The arrangement of stones around the fire pit is sparse and ugly! And the fire pit itself is a frequent site of littering and discarded beer cans. One possible direction involves redesigning the firepit as a sculpture which evokes our need to care for the Crum Woods.
One of our final models involves a redesign of the firepit itself, inspired by the invasive vines that are taking over the woods. We used a repeating vine form to wrangle and contain the fire, and has a very dynamic, random looking form.
Another idea involves the ugly stairwells in Parrish which lead to the residence halls. It's a large "well" stairwell, yet the steps are dirty concrete and the walls are an acrid yellow color. We're discussing designs for a themed sculpture with vines which wrap around the railing supports, evoking the aggression of invasive vines and other species in the Crum. This would also enhance the dreadful experience of ascending the stairs.
A third idea tackles the issue of inability to access various rooves on campus. The sculpture would be a discrete clip-on mechanism which attaches to hard-to-reach ledges and enables ascension to the roof above.
Our final models came out really nice--we tried a new method for ensuring that the lid and bottom section align with our pattern, and the alignment looks very smooth. We were worried that the small scale and high resolution of detail would make the boxes sharp and uncomfortable to hold, but they are actually quite pleasing to manipulate and twist. Our two final designs contrast each other nicely. The rocky design was intended to conceal the seam where the box, and to contrast the smooth motion with a blocky, angular exterior. The continuous, rotating design is meant to evoke the twisting mechanism of the box itself, echoing the motion and instructing the holder. It also is reminiscient of running water, which fits with one potential use case for the box: we discussed using the box as a ring holder while a person is washing dishes or using the sink.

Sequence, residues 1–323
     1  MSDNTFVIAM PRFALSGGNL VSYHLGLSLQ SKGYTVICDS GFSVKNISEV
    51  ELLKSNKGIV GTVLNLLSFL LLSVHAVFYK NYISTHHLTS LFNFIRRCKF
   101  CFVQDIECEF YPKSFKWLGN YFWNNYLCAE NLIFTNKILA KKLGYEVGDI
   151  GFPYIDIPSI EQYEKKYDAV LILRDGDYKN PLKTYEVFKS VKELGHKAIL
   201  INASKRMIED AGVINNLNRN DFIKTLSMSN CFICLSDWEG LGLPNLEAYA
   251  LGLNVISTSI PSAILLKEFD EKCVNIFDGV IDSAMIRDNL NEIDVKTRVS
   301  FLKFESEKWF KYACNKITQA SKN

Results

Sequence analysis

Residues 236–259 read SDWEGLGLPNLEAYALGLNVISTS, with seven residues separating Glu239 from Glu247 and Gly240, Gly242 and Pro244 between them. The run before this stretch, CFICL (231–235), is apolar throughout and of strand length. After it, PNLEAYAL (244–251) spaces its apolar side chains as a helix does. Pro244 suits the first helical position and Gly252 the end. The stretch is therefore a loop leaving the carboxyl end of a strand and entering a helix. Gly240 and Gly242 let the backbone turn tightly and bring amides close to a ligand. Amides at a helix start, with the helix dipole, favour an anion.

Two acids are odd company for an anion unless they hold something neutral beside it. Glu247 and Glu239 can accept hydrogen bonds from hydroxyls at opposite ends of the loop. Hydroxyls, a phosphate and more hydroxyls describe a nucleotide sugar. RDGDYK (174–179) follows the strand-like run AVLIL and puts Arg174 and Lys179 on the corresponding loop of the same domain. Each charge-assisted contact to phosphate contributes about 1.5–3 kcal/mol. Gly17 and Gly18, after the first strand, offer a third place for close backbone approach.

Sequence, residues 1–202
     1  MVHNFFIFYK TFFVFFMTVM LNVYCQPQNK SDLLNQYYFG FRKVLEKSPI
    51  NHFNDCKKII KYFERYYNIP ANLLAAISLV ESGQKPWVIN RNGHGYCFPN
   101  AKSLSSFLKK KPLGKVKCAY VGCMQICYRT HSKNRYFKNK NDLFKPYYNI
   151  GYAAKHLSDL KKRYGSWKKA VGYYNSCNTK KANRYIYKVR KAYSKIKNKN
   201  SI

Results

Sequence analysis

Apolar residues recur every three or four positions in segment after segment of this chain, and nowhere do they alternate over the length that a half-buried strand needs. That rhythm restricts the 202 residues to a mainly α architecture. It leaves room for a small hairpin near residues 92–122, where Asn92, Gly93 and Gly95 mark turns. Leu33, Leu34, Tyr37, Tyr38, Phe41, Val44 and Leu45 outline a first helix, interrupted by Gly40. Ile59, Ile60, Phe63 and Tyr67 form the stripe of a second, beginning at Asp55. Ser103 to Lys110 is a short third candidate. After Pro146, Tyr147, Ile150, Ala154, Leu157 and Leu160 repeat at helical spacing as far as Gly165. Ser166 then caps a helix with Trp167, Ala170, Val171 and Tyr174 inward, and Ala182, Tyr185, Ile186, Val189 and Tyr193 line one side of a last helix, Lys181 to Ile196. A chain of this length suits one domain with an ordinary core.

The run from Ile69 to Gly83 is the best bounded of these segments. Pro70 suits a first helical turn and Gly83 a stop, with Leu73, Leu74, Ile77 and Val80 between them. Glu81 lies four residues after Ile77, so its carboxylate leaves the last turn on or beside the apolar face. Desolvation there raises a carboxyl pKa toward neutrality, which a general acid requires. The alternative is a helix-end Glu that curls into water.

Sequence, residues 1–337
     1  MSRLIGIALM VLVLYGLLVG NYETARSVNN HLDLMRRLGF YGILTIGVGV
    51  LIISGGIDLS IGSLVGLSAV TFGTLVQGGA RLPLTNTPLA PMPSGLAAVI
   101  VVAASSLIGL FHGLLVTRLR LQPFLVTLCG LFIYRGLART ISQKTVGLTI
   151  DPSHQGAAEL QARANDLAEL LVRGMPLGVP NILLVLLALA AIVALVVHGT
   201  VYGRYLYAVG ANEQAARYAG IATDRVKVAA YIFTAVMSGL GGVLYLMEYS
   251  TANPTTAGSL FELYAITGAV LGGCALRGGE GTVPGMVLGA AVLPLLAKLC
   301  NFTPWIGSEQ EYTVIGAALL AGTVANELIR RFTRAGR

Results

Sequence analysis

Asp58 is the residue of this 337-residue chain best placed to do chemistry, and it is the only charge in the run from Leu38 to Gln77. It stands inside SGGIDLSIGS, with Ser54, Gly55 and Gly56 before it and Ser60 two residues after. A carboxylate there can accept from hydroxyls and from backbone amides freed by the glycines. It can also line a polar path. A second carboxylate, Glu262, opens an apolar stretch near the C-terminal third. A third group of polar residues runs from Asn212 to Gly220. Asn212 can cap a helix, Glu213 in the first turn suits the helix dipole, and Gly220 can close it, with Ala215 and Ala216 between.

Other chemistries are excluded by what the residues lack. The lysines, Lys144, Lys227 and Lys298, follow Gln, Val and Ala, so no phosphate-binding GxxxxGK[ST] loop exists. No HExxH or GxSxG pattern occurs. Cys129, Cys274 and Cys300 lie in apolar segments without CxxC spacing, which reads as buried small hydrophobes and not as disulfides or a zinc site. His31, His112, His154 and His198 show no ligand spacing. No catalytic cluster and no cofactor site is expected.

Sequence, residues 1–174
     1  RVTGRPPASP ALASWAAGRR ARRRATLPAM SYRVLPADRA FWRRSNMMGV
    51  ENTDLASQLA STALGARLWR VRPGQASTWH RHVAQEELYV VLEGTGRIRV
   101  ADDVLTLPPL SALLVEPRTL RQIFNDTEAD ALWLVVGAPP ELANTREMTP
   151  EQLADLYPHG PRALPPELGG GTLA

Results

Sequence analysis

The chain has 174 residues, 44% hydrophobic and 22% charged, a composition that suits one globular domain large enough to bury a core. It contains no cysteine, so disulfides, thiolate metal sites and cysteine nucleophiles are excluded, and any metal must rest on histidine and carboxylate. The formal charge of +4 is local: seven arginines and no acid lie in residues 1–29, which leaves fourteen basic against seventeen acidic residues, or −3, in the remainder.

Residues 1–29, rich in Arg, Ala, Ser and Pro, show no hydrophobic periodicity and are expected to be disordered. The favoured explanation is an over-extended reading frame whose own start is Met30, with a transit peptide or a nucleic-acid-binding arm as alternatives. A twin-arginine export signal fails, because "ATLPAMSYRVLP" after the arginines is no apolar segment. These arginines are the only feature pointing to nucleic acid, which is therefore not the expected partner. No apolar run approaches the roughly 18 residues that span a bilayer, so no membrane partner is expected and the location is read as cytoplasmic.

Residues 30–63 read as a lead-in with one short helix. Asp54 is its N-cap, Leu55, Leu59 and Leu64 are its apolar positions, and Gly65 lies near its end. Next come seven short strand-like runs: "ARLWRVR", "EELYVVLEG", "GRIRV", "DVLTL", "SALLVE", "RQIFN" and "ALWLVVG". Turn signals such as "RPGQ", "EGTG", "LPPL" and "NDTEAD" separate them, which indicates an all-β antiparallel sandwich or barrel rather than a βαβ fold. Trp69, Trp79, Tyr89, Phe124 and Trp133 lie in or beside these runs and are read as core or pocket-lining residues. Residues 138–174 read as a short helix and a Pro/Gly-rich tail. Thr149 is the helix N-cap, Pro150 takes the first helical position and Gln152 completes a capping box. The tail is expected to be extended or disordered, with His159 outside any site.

Our rotating ring box/display came out really nice! The tolerance was set to a good value, and the mechanics feel pretty smooth. The blue color looks really nice.
We were particularly inspired by smooth rotating mechanisms from jewlery boxes:Rotating Ring Box
For our first model, we were excited by the idea of a box that doesn't appear to open or even contain another object. Because breakfast is the most important meal of the day, we decided to make a box to conceal 2 hard-boiled eggs. Because of the comforting feel and pleasing shape, not to mention the pun, we chose to make an Egg box out of Uggs.
In our research of decorative boxes, we encountered light boxes with interior illumination which makes patterns on the surrounding surface. We tried, somewhat unsuccessfully, to model this with the clay.
In our final iteration of this project, Steve and I spent a lot of time deliberating about what
elements we wanted to keep and which elements we felt needed to change. We agreed that our final form
should entirely be made up of octagons--using simple geometry to represent curves was the initial spark
that got us working on our water tower model. We wanted the curves to be less symmetrical and functional
than those of the water tower, but we also agreed that the form should be more visually appealing than
our second model.